By 3d Sustainment Command (Expeditionary)September 14, 2010
FORT KNOX, Ky. (Sept. 14, 2010) - The 3d Sustainment Command (Expeditionary) has taken an active approach to preventing suicides by employing a Family life chaplain, a feat no other unit on Fort Knox can claim.
Trained to respond effectively to co-workers, colleagues, neighbors and Family members who are suffering and may be at the risk of suicide, the 3d ESC\'s Family life chaplain is an important component in the Army's promotion of September as Suicide Prevent Month.
Suicides have been on the increase for the Army since the United States' war on terrorism began. And as a result, the Army is taking more preventative measures to eliminate suicides from its ranks.
With Chaplain (Maj.) Henry J. Young, the 3d ESC's Family life chaplain, the 3d ESC is taking a major step in its suicide prevention methods.
"I've dealt with Family members who've admitted that suicide is a devastating event, whether in adult life or childhood," said Young, a Wichita, Kan. native. "Suicide leaves a lasting effect on others."
Young, who attended an intense 15-month course for training leading to a master's degree in community counseling and qualifying him in family and marriage therapy. As of now, Young is available to 3d ESC Soldiers, Civilians and Family members, but there are plans in the near future to make him available post-wide for those requiring help.
Formerly an investigator who dealt with suicides, Young said when he joined the military in 1975, superiors were more hands on with troops. He said he recalled numerous barracks and home inspections, and more face time with superiors.
With the suicides that Young said he has dealt with throughout his career, most were from a Soldier's sense of having no purpose. Although failed relationships, loss of loved ones, drugs and other causes played a big role as well, this is one he most commonly encountered when performing investigations to include in psychological autopsies.
Young said warning signs are not necessarily visible in some, but suicide can be prevented. He said that "leaders have to be more involved with their Soldiers and get up close and personal with them."
Telltale signs of suicide range from giving away personal possessions, change of demeanor and past suicide attempts. Young said that a Family history of suicide could be a sign too, as this could give someone the notion that suicide is an acceptable means of solving their problem.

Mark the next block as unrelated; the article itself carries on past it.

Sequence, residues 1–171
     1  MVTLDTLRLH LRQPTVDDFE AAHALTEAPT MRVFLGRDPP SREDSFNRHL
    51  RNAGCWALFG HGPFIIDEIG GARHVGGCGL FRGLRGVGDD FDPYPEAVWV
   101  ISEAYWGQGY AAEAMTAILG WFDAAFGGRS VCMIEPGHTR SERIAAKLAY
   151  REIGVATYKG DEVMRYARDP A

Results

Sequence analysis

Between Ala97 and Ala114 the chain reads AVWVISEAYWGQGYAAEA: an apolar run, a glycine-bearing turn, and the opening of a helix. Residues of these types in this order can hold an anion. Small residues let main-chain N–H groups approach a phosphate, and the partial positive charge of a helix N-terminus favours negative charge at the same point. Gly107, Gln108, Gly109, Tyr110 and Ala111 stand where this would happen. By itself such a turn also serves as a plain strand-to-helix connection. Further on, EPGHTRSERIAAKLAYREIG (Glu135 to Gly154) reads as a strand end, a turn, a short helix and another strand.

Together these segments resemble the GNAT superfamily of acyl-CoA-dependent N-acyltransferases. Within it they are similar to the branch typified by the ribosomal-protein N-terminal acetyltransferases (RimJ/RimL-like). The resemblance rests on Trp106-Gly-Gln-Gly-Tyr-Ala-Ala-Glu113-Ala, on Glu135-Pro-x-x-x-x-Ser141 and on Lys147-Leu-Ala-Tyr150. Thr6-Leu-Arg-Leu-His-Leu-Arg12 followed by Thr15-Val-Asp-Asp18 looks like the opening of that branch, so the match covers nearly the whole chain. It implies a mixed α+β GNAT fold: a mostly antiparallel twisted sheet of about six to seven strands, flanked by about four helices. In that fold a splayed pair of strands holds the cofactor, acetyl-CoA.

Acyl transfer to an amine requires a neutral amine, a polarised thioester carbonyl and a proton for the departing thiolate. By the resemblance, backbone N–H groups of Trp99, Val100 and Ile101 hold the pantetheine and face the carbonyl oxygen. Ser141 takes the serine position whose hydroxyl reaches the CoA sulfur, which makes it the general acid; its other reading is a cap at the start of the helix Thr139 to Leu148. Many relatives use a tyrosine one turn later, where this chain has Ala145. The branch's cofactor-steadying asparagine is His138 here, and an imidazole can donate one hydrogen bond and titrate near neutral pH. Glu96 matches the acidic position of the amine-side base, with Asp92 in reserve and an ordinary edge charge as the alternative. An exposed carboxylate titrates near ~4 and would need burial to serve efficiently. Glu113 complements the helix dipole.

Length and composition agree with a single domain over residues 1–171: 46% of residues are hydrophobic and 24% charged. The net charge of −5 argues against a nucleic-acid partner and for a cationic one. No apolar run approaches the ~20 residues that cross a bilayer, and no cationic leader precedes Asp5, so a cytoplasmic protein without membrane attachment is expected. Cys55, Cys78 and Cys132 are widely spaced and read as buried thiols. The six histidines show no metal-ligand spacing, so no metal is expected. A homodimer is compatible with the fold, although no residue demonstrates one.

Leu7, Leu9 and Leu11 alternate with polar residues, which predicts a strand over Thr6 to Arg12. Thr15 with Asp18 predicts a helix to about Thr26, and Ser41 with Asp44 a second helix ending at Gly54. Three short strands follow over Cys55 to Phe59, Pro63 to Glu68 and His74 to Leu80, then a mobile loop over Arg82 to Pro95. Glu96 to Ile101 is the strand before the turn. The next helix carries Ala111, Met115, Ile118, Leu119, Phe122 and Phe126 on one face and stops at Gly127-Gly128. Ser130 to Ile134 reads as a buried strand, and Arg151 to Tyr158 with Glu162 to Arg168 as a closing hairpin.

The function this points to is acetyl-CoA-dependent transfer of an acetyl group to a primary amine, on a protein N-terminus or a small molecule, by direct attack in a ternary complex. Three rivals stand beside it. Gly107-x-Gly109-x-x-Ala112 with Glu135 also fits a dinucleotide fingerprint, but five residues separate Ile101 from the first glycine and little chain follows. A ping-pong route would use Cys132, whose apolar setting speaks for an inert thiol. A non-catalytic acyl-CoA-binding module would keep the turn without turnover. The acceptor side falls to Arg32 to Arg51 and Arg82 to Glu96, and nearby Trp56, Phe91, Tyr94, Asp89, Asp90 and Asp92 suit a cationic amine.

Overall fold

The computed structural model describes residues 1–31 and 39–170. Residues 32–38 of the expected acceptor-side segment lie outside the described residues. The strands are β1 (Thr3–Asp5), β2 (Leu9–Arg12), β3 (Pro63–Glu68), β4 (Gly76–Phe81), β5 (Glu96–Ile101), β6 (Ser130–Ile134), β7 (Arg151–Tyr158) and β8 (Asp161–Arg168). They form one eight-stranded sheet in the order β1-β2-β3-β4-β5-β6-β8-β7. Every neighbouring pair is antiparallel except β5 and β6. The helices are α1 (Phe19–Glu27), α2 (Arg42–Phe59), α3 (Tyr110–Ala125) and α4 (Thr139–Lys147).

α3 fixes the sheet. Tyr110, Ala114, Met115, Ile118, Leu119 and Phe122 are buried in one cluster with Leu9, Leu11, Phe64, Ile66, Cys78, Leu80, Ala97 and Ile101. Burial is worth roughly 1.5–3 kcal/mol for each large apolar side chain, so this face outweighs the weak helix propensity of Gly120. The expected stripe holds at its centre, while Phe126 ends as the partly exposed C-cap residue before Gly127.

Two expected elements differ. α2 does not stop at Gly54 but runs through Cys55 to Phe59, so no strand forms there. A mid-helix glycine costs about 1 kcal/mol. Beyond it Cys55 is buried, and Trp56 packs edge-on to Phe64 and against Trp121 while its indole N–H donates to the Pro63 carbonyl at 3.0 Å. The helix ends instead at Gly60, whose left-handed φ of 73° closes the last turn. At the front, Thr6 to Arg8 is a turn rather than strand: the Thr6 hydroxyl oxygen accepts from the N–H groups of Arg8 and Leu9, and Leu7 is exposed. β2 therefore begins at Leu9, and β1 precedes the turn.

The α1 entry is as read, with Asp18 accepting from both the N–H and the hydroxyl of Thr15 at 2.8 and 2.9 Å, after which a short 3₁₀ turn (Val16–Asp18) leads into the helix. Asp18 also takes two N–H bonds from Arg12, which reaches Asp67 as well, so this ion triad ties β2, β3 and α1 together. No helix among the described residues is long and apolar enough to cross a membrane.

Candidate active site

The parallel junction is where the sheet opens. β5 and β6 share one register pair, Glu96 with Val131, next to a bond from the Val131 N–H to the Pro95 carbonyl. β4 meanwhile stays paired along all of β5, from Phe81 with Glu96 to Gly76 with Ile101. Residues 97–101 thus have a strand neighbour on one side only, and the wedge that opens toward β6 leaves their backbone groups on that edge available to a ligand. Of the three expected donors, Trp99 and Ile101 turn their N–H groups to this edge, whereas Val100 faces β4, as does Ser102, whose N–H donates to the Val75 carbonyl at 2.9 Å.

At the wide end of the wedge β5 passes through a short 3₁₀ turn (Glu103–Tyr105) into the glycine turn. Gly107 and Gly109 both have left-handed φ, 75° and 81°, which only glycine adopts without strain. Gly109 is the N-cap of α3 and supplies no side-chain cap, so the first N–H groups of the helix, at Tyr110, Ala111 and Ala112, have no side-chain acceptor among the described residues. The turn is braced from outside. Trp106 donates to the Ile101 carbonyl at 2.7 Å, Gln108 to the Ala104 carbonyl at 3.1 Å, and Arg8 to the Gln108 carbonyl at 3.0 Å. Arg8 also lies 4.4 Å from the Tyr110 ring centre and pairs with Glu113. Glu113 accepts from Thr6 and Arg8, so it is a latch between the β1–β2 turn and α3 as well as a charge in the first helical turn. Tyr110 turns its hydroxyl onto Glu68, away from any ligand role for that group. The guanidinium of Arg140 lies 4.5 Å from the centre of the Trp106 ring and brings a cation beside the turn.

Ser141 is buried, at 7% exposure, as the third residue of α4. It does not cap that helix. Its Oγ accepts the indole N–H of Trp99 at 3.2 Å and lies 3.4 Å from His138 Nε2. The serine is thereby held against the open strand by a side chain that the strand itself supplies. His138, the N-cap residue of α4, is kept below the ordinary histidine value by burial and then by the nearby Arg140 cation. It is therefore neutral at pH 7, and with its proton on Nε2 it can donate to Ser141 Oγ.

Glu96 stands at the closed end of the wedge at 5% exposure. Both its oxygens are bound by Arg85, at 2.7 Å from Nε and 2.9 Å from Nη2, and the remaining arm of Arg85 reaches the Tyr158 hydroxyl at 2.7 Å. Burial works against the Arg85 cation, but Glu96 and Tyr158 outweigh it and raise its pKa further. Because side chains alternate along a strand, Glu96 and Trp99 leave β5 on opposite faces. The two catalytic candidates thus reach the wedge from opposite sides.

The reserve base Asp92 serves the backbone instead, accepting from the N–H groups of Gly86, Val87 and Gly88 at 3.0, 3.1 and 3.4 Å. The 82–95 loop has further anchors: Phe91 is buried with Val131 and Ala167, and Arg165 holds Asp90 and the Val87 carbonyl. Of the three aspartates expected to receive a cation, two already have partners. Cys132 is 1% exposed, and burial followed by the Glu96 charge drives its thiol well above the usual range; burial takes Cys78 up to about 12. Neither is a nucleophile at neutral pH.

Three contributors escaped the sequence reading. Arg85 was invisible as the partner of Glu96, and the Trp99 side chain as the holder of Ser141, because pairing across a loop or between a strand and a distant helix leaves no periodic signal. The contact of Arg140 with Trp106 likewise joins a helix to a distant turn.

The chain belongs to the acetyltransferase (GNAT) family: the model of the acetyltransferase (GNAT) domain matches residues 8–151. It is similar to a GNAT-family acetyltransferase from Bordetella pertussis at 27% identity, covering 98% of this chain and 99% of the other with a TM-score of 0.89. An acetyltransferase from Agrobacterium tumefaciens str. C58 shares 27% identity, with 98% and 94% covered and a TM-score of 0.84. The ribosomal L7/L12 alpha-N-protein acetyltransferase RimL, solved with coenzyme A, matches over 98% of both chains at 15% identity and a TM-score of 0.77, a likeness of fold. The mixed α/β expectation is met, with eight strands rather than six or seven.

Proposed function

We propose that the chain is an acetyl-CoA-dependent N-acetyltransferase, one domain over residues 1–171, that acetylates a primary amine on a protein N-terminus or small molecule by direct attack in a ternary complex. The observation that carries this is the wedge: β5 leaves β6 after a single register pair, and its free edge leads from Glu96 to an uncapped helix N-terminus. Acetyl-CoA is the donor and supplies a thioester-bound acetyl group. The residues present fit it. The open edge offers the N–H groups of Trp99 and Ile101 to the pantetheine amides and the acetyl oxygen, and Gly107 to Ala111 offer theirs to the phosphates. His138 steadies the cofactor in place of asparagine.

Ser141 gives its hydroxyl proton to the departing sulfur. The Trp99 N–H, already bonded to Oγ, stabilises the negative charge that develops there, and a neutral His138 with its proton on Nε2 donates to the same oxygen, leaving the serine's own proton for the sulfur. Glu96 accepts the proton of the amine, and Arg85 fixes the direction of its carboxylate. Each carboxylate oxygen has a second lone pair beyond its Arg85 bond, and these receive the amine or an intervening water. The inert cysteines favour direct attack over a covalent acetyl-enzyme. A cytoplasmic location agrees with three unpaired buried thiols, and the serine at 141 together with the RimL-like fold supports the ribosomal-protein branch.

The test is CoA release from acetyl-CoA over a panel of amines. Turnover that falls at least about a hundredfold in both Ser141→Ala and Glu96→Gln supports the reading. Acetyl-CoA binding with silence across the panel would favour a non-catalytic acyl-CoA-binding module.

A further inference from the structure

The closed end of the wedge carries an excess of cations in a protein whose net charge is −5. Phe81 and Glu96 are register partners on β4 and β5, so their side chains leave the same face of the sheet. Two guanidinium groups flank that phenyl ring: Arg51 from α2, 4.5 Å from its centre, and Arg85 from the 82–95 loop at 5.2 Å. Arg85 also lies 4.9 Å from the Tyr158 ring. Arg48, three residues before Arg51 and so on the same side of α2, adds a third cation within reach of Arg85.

"With all of the signs associated with suicide, someone is really calling for help," said Young. "With the signs, you should be able to help them, or assist them in getting the help they need."
In 2009, a total of 245 Soldiers committed suicide. As of June 2010, 145 Soldiers have killed themselves, more than half of the total number for 2009, according to the Army's safety website. In fact, June of 2010 was the Army's worst month for suicides since the Vietnam era, with 32 Soldiers killing themselves.
While the numbers are staggering, the Army is still moving forward with its suicide prevention campaign, and in the process educating Soldiers on its available resources along the way.
"In the Army, Soldiers go through many traumatizing events," said Young. "After becoming a chaplain, one thing I noticed with suicides was a community disconnect. We're just not as involved with our Soldiers like we used to be."
Overall, the Army is committed to battling suicide through its promotion of suicide prevention. Several senior Army leaders have taken a strong stance to prevent suicide and to promote suicide awareness. The Army's Vice Chief of Staff, Gen. Peter Chiarelli, said in a recent ABC news interview that he hoped to reduce the stigma attached to Soldiers seeking behavioral health assistance. Chiarelli said that reducing the stigma could be an important factor in suicide prevention.
As a result of the recent increase of suicides, the Army has taken an aggressive approach to combating the problem. Soldiers, civilians and Families now have various resources available to them for help if needed. Available are the National Suicide Prevention Lifeline, Military One Source and Army G-1, Army Well Being Liaison Office, to name a few. Also available is the new Shoulder to Should: "I will never quit on life suicide prevention video and Comprehensive Soldier Fitness program.
For more information on suicide and suicide prevention, visit the Army G-1 Human Resources website at www.armyg1.army.mil/hr/suicide/default.asp.